But when the rain ends, the partying starts. Havanistas of all ages love going out and being seen to be going out. Bar crawls tend to start out in Habana Vieja, the old town, at El Patio or Havana Libre, and head toward Vedado district, the cultural heart. Couples long on youth and short on pocket money stroll alongside the beachfront Malecón highway. Those with more cash favour all-night clubs in Vedado playing loud reggae or the greatest hits of Miami resident Gloria Estefan. Another great irony of Havana is that while foreign tourists see it as a haven untouched by global commercialism, the ultra-materialistic locals long to be pretty much anywhere else. They covet Manchester United shirts, Levi jeans and Nokia mobile phones. But few can afford a mobile, and owning one of the very few laptops and fax machines on the island requires a licence and some heavy grilling by the police. After a long afternoon failing to complete a simple transaction in a local bank (‘Our phone lines aren’t working well this month,’ the manager said) I was approached by a young security guard who whispered: ‘I hate this place too. All I want to do is to leave.’ Such frustration reminds us why communism failed.

History here is loaded with symbolism. Philip II of Spain first anointed Havana an official city in 1592, a century after Columbus’s arrival. The Spanish-American War kicked off after the sinking of the US battleship Maine in the harbour in 1898. A half-century on, Castro’s band of rebels overwhelmed the loathed Batista regime before cosying up with Nikita Khrushchev. That relationship led to the 1962 missile crisis and America’s trade embargo, which continues to this day despite Barack Obama’s call for a ‘new beginning’ in US-Cuban relations. Looking out to sea on a late summer’s evening, with lightning storms playing out silently across the Gulf of Mexico, it’s hard to imagine that the world’s sole superpower lies only 90 miles away.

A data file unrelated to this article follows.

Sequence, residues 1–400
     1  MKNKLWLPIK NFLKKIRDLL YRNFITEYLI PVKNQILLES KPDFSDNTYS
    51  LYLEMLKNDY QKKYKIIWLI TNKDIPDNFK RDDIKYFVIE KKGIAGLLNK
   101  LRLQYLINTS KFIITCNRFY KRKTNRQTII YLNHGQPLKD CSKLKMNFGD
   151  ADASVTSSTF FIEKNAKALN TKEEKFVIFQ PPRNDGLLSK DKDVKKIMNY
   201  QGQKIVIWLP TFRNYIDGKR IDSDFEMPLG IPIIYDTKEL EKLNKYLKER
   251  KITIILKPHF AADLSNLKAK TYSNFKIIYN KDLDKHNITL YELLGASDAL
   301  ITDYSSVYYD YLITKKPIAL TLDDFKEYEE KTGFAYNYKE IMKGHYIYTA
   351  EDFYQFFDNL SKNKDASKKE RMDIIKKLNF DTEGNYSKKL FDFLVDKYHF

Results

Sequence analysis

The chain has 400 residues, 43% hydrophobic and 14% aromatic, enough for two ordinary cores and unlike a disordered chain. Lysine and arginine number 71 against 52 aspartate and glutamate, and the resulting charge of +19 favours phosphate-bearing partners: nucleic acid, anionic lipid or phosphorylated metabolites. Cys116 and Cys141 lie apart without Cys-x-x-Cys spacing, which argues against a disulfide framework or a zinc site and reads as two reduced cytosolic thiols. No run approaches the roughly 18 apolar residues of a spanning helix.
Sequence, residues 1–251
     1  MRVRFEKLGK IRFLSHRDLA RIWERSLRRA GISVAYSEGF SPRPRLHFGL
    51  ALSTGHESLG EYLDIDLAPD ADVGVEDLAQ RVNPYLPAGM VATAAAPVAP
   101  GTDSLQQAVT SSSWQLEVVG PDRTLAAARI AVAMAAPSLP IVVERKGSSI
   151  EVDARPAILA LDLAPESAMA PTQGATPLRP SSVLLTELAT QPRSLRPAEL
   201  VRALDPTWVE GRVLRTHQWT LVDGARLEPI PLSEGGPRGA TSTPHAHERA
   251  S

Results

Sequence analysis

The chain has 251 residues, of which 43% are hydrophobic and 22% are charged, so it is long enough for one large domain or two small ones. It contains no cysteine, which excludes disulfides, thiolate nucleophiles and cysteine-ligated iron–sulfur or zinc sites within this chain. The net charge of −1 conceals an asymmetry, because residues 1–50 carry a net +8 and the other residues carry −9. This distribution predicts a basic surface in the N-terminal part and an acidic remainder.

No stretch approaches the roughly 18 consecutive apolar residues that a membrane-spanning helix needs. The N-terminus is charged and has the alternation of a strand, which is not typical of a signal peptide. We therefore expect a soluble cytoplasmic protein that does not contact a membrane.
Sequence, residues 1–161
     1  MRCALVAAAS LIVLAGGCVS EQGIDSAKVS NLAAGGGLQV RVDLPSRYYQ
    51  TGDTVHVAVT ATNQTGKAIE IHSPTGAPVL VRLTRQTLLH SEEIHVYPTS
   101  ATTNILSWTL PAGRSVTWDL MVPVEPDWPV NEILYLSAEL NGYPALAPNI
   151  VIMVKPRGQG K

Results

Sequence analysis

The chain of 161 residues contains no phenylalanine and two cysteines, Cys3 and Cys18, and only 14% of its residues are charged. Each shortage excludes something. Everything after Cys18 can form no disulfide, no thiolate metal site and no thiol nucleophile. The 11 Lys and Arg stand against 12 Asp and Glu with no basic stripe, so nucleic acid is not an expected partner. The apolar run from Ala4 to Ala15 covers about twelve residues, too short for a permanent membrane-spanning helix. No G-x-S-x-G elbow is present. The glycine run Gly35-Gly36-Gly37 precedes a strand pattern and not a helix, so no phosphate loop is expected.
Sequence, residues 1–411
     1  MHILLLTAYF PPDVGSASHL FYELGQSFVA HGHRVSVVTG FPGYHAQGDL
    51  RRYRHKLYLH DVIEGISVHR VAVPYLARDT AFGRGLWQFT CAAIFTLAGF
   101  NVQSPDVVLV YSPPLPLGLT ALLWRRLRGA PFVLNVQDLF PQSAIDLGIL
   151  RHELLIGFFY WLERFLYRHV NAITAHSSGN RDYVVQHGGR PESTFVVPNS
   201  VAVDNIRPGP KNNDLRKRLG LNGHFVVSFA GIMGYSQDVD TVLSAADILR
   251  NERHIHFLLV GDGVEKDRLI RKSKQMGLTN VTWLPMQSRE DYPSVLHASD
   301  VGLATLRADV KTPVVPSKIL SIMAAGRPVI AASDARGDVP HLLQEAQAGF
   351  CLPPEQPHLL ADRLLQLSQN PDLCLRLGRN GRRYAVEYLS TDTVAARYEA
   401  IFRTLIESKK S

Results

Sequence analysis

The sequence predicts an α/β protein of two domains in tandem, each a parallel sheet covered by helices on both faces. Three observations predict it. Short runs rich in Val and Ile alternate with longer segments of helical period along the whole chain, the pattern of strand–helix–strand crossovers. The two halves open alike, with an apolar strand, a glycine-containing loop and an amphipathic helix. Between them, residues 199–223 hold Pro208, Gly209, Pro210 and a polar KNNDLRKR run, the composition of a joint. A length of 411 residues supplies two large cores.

Upwardly mobile Cubans still dream of escape: since 1959 more than 800,000 have fled in rickety boats, most headed for Miami. But in earlier times, the flow was very much the other way. Until the 1940s, Cuba was a destination of choice for poor Europeans, notably Welsh, Spanish, French and Russians. And the island has always been a haven for rogues and pirates. The American fraudster Robert Vesco, of IOS scandal fame, holed up there from 1982 until his death in 2007, enjoying the regime’s protection in return for his embargo-busting skills until they finally slapped him in jail. Havana was also home to Gerard Lee Bevan, a black sheep of the dynasty that founded Barclays Bank, who was convicted of fleecing City investors in the early 1920s. Released in 1928, Bevan fled to Havana with his French mistress, found work running a distillery, and died in 1936 — to be buried in a pauper’s grave in the city’s Colon cemetery. Five years later, he was reburied in a rather grander catacomb, where his remains lie to this day, flanked by two gentlemen called Juan Bautista Fernandez and Juan Federico Brendes. Bevan’s bones took some finding, but a promise is a promise — in this case to The Spectator’s business editor, Martin Vander Weyer, who is researching Bevan’s life. The cemetery’s chief book-keeper, having had his palm well greased, located Bevan’s entry from 73 years ago, inscribed in beautiful copperplate in a big red leather ledger. He beamed with satisfaction, and it says something for Castro’s Cuba that its citizens still take such pride in their nation’s diverse past.

As for Fidel himself, a couple of weeks ago he confounded rumours that he is either already dead or totally incapacitated by that intestinal turmoil: for the first time in a year, he was seen on state television, chatting with visiting Venezuelan students about ‘the threat that climate change poses to global security’. I hope they brought the old dictator something decent to eat.